In brief, the two tablets contained the quintessence of the Mosaic administration of the covenant of grace. Yahweh, Creator of heaven, earth, sea, and all that is in them, is presented as covenant Suzerain. The theocratic covenant relationship is traced to Yahweh’s redemptive election and deliverance, and its continuance to the thousandth generation is attributed to His faithful mercies. The covenant way of life is sovereignly dictated in ten commandments, the standard of Israel’s consecration to her Lord.

The very fact that the law is embedded in divine covenant disclosure points to the religious principle of personal devotion to God as the heart of true fulfillment of the law. But there is no incompatibility between the divine demand communicated in concrete imperatives and the call of God to personal commitment to Him in love. Yahweh describes the beneficiaries of His covenant mercy as ‘them that love me, and keep my commandments’ (Ex. xx. 6; cf. In. xiv. 15), The biblical ethic is rooted in biblical religion, and biblical religion is not shapeless mysticism but structured truth.

The revelation of the law in the context of redemptive covenant action indicates that conformity to the law is a soteric achievement of the grace of Yahweh who delivers from bondage. In this context even the preponderantly negative form of the Decalogue serves to magnify the grace of God who, though obliged to protest negatively against the sin of fallen man, offers His protest not as a final condemnation but as the standard of life within a restored covenant communion. The negative form thus becomes a divine promise to the redeemed servants of perfect ultimate triumph over the demonic power within and without, which would enslave them in the hell of endless alienation from God. An ethic rooted in such religion possesses the dynamic of faith, hope, and love.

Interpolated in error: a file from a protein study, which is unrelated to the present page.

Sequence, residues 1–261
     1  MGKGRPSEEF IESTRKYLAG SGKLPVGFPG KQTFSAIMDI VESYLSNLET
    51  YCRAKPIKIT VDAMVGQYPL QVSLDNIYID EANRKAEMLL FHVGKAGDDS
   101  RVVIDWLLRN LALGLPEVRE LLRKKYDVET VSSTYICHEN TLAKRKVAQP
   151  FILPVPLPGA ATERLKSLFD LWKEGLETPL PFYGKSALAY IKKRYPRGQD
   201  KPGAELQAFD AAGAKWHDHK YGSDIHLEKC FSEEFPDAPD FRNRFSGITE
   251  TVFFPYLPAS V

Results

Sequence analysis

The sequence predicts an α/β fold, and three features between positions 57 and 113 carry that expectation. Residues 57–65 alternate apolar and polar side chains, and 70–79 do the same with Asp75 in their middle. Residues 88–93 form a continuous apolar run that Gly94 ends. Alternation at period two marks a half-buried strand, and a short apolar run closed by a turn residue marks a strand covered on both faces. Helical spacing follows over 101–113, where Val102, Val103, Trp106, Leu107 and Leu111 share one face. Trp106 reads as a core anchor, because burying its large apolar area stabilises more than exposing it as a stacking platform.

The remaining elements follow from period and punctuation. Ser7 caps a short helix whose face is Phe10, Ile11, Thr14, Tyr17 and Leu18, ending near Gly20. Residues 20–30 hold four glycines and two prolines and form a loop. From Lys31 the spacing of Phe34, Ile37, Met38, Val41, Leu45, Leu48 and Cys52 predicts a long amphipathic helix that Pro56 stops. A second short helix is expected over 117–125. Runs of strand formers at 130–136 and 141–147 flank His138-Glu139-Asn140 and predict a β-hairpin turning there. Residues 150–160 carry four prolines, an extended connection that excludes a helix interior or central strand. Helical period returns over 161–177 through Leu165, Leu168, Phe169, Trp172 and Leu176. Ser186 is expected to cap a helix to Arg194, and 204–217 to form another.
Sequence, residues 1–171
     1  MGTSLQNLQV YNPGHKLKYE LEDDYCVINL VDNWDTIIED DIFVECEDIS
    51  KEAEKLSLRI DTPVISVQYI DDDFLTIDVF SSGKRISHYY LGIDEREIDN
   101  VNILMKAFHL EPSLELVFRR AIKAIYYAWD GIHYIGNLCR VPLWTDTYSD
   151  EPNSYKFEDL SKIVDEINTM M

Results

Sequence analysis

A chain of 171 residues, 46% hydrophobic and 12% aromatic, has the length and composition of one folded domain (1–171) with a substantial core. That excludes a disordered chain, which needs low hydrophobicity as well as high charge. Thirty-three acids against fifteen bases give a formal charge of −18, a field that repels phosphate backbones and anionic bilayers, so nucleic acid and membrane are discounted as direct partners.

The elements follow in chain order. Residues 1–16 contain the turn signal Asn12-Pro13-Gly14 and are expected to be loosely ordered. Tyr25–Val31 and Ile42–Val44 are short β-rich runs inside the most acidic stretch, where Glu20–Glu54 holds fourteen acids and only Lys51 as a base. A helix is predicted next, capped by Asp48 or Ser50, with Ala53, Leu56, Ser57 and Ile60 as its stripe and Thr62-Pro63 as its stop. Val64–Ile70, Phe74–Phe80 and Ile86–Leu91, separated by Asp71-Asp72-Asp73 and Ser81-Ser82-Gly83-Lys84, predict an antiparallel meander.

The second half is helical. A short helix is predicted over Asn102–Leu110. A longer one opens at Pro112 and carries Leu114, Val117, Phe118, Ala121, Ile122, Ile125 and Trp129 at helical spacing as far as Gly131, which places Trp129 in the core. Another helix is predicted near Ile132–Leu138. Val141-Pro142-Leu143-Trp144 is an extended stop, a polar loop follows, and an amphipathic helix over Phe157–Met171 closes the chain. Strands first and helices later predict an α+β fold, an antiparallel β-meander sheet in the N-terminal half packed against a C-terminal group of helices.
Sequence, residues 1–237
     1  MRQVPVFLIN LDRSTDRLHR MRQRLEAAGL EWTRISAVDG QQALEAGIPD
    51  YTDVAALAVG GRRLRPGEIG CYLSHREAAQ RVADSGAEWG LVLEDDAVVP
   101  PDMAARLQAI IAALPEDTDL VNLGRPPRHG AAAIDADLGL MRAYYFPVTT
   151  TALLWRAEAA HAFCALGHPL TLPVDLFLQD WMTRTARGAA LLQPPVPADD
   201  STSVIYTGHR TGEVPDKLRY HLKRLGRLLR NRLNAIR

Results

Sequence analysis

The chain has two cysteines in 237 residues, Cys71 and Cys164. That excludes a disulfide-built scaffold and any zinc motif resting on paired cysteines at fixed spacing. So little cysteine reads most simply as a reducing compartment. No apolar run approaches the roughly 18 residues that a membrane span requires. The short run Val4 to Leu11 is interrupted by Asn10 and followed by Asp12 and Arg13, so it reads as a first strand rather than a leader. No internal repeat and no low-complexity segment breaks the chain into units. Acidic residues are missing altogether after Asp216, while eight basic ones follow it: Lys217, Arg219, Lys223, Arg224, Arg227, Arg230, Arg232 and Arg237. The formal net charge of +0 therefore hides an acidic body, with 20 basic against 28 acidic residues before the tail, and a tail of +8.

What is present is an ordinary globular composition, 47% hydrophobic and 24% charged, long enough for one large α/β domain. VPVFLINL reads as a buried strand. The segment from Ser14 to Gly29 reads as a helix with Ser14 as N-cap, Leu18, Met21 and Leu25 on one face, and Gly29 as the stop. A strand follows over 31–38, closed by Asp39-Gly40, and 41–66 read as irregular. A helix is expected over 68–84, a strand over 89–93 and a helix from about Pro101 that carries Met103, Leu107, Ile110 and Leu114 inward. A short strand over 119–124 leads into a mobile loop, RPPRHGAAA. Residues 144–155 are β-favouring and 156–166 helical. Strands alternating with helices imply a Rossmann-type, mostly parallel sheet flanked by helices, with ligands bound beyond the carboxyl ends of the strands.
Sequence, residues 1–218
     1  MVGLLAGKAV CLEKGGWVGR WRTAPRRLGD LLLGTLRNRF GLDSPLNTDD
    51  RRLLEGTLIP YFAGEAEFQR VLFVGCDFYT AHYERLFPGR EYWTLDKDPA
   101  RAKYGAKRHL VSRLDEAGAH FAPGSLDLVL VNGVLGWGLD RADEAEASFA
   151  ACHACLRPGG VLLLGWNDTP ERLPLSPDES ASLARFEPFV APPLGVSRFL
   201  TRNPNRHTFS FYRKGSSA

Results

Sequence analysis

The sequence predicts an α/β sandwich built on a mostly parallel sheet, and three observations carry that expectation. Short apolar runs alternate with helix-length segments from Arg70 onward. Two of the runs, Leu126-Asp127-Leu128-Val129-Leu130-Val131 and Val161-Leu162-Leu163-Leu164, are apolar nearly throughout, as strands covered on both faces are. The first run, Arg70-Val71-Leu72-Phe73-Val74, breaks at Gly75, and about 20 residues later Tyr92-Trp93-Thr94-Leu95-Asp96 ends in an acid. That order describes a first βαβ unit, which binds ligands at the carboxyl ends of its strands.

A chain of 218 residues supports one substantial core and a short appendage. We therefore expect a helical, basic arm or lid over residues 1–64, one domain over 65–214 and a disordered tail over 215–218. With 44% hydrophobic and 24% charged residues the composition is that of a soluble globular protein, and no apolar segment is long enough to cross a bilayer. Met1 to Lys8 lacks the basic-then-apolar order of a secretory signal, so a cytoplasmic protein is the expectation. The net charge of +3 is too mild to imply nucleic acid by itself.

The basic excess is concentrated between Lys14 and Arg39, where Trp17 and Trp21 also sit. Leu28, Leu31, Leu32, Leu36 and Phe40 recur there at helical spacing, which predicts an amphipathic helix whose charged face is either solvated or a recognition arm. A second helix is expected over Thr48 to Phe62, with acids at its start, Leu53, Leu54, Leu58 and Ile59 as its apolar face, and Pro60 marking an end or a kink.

Since the administration of the covenant of grace is an historically progressive development and the Decalogue appears as an integral element in the organic unfolding of covenant revelation, it is natural that the Decalogue’s abiding principles are formulated in terms appropriate to the Mosaic age. For example, the specific form of the sabbath law reflects the Old Testament eschatological perspective and the promise appended to the fifth word (and elsewhere related to the entire law, cf. Dt. v. 33-vi. 3) employs the imagery of the contemporary, typical manifestation of God’s kingdom. This does not detract from the Decalogue’s authority as a permanent norm, but does require that the specific application at any given time reckon with the realities of redemptive history as an eschatologically decisive movement. The unbeliever, for example, is the believer’s ‘neighbour’ until the judgment, but not after that.

As for the division into ten words, the Decalogue’s parallelism with the suzerainty treaty structure shows the error of regarding the preamble and historical prologue as a commandment. Also, the variant forms of the prohibition of covetousness in Ex. xx. 17 and Dt. v. 21 contradict the division of it into two commandments, and that obviates the associated error of combining into one what most Protestants, following the oldest tradition, have regarded as the first and second commandments. The customary division of the Decalogue into ‘two tables’ stems from a mistaken conception of the nature of the two tables, which were actually duplicates (cf. M. G. Kline, ‘The Two Tables of the Covenant’, WTJ, XXII, 2, 1960, pp. 133-146).

BIBLIOGRAPHY. C. Hodge, Systematic Theology, III, 1940, pp. 271-465; G. Vos, Biblical Theology, 1954, pp. 145-159.

M.G.K.

Scanned and Edited by Robert A. Lotzer on July 04, 2006.